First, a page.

And Ukraine remains on a hair trigger.
MORAN: This is the flash point of the world right now. Russian tanks and troops pouring up to the tense border between Russia and Ukraine. Routine military exercises, that's what Russia claims. But at the Pentagon, deep skepticism.
REAR ADM. JOHN KIRBY, PENTAGON PRESS SECRETARY: We don't have a full knowledge of their intent, but regardless of the intent it does nothing to deescalate the tension.
MORAN: U.S. intelligence agencies now estimate there are up to 40,000 to 50,000 Russian troops along Ukraine's eastern borders.
So what does Putin want? Across the lands of the former Soviet Union, there are millions of Ethnic Russians, just like in Crimea.
Putin now claims the right to defend all of them, whatever that means.
President Obama, in response, is relying European allies and warning of the dangers of Putin's new doctrine.
BARACK OBAMA, PRESIDENT OF THE UNITED STATES: In the 21st century, the borders of Europe cannot be redrawn with force.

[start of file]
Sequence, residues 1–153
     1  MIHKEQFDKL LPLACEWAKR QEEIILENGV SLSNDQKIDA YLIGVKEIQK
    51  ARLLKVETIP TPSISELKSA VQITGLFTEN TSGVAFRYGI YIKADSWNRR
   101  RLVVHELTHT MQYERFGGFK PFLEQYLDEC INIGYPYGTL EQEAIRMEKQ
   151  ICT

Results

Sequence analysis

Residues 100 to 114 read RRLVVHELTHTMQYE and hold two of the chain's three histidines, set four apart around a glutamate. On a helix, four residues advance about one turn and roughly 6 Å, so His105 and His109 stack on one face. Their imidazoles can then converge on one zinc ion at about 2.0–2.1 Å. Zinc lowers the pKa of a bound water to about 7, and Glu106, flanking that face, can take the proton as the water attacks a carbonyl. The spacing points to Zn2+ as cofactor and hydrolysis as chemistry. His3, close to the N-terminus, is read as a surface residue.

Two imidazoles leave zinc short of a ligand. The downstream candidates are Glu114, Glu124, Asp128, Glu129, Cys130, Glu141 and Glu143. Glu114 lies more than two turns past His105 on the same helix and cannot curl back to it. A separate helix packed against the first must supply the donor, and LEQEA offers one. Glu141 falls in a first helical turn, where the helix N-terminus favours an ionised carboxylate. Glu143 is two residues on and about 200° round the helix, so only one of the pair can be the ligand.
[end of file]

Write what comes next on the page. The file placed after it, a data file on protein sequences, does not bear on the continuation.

MORAN: Fine words, but Obama's real options are limited. The White House has ruled out a military response and some European leaders are deeply reluctant to impose tough sanctions on Russia that might derail their own fragile economies.
So Mr. Obama has tried another tact -- belittling Russia altogether.
OBAMA: Russia is a regional power that is threatening some of its immediate neighbors, not out of strength, but out of weakness.
MORAN: After Crimea, some analysts say, that sounds unconvincing.
JULIA IOFFE, SENIOR EDITOR, "THE NEW REPUBLIC": The impression is that Putin has flipped the bird to the entire world and what can the U.S. do about it?